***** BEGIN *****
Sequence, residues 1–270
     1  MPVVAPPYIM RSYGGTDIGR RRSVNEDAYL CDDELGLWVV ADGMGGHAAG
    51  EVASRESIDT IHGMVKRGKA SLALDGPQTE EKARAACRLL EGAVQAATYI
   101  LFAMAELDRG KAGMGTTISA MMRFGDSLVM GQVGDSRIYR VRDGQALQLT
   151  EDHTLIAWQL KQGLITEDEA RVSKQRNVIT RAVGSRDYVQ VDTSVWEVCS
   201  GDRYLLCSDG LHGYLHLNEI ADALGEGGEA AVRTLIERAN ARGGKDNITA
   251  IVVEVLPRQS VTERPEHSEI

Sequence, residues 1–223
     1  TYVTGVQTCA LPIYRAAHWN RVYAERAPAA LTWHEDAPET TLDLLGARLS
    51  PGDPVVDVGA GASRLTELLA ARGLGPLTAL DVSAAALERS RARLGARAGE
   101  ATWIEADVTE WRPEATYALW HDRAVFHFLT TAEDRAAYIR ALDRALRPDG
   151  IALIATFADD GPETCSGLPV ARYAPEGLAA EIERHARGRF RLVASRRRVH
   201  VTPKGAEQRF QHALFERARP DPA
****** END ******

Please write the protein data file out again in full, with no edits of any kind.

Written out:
Sequence, residues 1–270
     1  MPVVAPPYIM RSYGGTDIGR RRSVNEDAYL CDDELGLWVV ADGMGGHAAG
    51  EVASRESIDT IHGMVKRGKA SLALDGPQTE EKARAACRLL EGAVQAATYI
   101  LFAMAELDRG KAGMGTTISA MMRFGDSLVM GQVGDSRIYR VRDGQALQLT
   151  EDHTLIAWQL KQGLITEDEA RVSKQRNVIT RAVGSRDYVQ VDTSVWEVCS
   201  GDRYLLCSDG LHGYLHLNEI ADALGEGGEA AVRTLIERAN ARGGKDNITA
   251  IVVEVLPRQS VTERPEHSEI

Sequence, residues 1–223
     1  TYVTGVQTCA LPIYRAAHWN RVYAERAPAA LTWHEDAPET TLDLLGARLS
    51  PGDPVVDVGA GASRLTELLA ARGLGPLTAL DVSAAALERS RARLGARAGE
   101  ATWIEADVTE WRPEATYALW HDRAVFHFLT TAEDRAAYIR ALDRALRPDG
   151  IALIATFADD GPETCSGLPV ARYAPEGLAA EIERHARGRF RLVASRRRVH
   201  VTPKGAEQRF QHALFERARP DPA